But , i think you are confused, there is still new boats doing the clasic Fg tabbing in their bulkheads and this bring me the question i made to you since 100 topics and you still dont answer, no idea if you dont know the answer or dont want to answer..

QUESTION?

Why others builders still doing Fg tabbing in structural members if Plexus bonding is so great??and cheap?
I don't know the answer to this. I'd have to ask those builders. My hunch is that it's either because it's a more performance-oriented boat that requires more strength, or it's a higher-end brand that sells boats to people who come in and ask whether the structure is tabbed in their boats. They likely sell far fewer boats, but, just like Island Packet with a full keel, there are still customers out there that want these things.

Also, remember that I'm not claiming Plexus bonding is so great. I've presented materials that talk about how good of a bond it provides and that it is, indeed, stronger than tabbing. That's not me talking. That's the industry and academia. If you actually take the time to read that report, the author talks about the advantage of using fibercloth with Plexus as being ideal.

On the other side of that, as I just said above, when you post photos of a failed Plexus bond - it makes one wonder. It definitely makes me wonder. (But why don't you also post photos of failed tabbing?)

But here's another angle, one that even robertsailor still doesn't seem to get. That bond didn't fail on the wood side like you guys implied it would. It failed on the glass side where it should definitely be the strongest and most stable. Why? See, there's a lot going on even in those photos of yours that bring up many questions - and challenge a lot of assumptions...if, that is, you guys are willing to learn too.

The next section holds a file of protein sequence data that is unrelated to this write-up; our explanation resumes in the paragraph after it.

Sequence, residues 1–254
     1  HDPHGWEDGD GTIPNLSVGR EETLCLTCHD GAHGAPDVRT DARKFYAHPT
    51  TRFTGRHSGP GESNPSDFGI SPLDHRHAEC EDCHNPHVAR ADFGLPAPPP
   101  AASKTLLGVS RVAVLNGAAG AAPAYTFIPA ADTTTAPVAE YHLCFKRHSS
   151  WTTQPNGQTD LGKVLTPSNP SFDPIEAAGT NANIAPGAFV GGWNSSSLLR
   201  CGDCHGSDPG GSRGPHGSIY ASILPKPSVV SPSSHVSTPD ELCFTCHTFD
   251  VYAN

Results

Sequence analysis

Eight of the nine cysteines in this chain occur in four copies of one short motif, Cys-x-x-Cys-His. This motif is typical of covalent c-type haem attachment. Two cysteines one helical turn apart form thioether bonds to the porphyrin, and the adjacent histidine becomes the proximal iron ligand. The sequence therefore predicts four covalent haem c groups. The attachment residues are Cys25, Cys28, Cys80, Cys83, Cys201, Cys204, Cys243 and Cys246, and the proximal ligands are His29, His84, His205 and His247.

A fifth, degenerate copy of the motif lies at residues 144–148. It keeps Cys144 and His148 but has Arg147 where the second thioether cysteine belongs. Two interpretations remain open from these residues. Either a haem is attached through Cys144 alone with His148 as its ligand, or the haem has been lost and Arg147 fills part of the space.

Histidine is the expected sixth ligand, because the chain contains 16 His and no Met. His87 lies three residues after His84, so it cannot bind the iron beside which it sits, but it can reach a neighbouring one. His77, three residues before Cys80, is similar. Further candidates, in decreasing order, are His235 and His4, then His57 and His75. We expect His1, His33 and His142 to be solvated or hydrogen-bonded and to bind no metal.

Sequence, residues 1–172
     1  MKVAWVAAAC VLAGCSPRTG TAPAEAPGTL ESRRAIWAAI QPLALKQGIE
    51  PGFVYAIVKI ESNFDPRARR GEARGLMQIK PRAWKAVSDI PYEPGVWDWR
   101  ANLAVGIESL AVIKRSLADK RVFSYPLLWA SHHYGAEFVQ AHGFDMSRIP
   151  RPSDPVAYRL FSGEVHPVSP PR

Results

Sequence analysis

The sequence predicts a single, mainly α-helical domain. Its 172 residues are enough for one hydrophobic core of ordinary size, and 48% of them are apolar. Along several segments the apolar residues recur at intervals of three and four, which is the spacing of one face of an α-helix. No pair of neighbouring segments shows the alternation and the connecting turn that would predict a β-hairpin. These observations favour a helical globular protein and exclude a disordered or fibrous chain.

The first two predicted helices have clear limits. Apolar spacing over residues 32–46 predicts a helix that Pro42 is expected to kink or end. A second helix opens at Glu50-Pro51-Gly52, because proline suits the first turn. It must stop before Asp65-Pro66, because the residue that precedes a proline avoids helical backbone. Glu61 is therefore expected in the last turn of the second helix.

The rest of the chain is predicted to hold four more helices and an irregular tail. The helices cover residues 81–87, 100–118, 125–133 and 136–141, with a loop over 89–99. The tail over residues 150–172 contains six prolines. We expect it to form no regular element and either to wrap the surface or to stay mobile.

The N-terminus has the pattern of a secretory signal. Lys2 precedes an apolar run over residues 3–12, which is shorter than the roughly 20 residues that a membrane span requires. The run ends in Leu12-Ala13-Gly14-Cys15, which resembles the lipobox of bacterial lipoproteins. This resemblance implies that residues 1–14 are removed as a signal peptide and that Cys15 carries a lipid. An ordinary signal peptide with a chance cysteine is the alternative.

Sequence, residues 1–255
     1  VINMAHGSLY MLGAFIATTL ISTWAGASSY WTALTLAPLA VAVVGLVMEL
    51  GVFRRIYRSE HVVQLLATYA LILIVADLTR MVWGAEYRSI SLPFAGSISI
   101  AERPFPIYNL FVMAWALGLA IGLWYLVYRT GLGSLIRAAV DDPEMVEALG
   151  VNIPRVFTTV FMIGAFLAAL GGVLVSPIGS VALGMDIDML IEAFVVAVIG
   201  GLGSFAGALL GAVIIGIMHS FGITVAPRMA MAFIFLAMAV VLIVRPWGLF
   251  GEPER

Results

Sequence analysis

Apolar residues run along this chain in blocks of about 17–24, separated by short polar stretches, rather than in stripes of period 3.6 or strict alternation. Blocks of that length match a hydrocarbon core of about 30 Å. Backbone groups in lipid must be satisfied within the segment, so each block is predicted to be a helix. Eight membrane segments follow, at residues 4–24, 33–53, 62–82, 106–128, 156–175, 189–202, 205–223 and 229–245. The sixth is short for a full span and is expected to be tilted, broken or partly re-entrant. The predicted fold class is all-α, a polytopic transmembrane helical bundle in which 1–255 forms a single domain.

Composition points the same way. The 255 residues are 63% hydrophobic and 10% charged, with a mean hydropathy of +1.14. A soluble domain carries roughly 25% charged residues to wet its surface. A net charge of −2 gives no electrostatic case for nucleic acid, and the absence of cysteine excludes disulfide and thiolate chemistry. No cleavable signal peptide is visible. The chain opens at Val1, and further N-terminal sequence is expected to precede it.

Quote:
Originally Posted by neilpride View Post
QUESTION 2? why some builders are throwing to the trash the hard spot law in bulkheads bonding? even somebuilders still using a foam core or soft material in the bulkheads edges to avoid hard spots and stress in this particular point, why others just bond the ply edge with a rigid material?

Hummm...
Again, I don't know. I'm not a boat builder. But I also haven't personally talked about any of the above, or claimed that any of it is better or worse than anything else. So, I'm not sure what point you're trying to make.
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Old 16-11-2014, 10:24   #966
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Re: Rudder Failures